Fear is a powerful, motivating force. Fear has been used as a tactic for getting people to do things—we might threaten a child with a whippin’ as a form of motivation. Tyrants use it to force those around them to do their bidding. Bullies threaten on the playground in order to feel powerful.
We are taught to fear the world around us from infancy. Mothers are afraid we will put our hand on a hot stove. We are warned not to talk to strangers; to look both ways before crossing the street; never go into a dark alley alone. Sometimes a little fear is good for us—it can help us to remain vigilante to danger and protect us from harm. Other times, fear can become obsessive and drive us to dark places in which we doubt the world or our ability to safely navigate it and devolve into anxiety-ridden paralysis or even worse a toxic state of paranoia.
Fear is a tool of the empire. There is a reason Darth Vader wears a mask and all of the storm troopers look exactly the same. The threat of star destroyers and sith lords alone are meant to cause people to act in a certain way and if they don’t…well, then they are to be wiped out. There are extreme political leaders who use fear like Hitler or Mussolini and there are those who simply hint at it as a way of seeding doubt in what might or might not be positive or transformative possibilities.
Fear has pervaded our society, even before COVID-19. Some people live in constant fear—maybe because of the color of their skin or maybe because they are in abusive relationships or are poor and don’t have enough or maybe simply because they have felt their grasp on the world slipping beyond their control. Whatever the reason, we live in a world that constantly feels threatened.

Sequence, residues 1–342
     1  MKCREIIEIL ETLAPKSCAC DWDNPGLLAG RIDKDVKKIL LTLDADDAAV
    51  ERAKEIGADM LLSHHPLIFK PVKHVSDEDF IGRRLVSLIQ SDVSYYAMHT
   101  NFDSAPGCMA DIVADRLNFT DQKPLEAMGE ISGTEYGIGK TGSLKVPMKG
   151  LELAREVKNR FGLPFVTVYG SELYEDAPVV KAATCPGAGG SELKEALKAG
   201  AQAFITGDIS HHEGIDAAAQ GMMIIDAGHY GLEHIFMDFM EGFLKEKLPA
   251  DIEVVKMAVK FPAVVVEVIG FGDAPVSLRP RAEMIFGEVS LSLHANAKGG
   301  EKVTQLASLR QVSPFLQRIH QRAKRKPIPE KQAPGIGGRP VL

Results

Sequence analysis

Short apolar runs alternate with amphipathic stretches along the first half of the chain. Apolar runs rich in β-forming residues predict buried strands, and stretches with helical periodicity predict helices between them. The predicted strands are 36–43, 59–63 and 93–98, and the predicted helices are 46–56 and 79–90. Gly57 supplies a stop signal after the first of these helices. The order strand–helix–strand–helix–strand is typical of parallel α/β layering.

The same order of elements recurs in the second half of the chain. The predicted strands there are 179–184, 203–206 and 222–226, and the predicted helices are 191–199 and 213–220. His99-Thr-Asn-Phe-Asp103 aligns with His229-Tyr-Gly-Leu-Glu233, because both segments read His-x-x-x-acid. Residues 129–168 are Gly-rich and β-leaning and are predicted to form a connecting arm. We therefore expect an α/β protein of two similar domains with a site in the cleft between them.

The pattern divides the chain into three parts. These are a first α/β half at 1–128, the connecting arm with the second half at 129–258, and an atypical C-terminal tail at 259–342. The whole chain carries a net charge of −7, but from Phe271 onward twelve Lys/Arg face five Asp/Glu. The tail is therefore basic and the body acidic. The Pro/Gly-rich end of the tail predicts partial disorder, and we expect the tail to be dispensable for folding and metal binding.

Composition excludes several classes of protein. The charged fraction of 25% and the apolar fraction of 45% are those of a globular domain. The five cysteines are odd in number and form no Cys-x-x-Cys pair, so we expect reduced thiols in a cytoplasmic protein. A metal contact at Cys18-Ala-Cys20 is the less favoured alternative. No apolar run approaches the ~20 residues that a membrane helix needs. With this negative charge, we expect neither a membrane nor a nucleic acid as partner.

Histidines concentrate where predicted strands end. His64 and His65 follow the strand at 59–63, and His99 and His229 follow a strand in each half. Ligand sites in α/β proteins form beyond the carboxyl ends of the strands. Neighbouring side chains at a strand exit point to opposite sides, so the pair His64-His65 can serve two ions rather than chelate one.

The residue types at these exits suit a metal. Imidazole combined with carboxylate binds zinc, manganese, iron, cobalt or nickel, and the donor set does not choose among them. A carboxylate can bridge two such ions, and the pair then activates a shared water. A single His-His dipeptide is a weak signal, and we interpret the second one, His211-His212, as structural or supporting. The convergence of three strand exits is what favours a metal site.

For most of us, there are things we trust in that help us overcome fear and make it out the door each day. There are our families and friends and the support we rely on from them. There is the sense of purpose and accomplishment we have in our work. There is the hope that a new day can bring. There is a willingness to face whatever comes our way with courage and determination. Most of us simply refuse to give in—even when we want too.
But when the things we trust in begin to devolve around us or, worse, turn on us; then our fears can sometimes get the best of us. If we know the possibility that a loved one might not support us—it may cause us to hesitate before acting, but it is less likely to devastate us or keep us from doing something we believe in. I think that is a little bit of what is going on with Jesus and the disciples in this morning’s Gospel.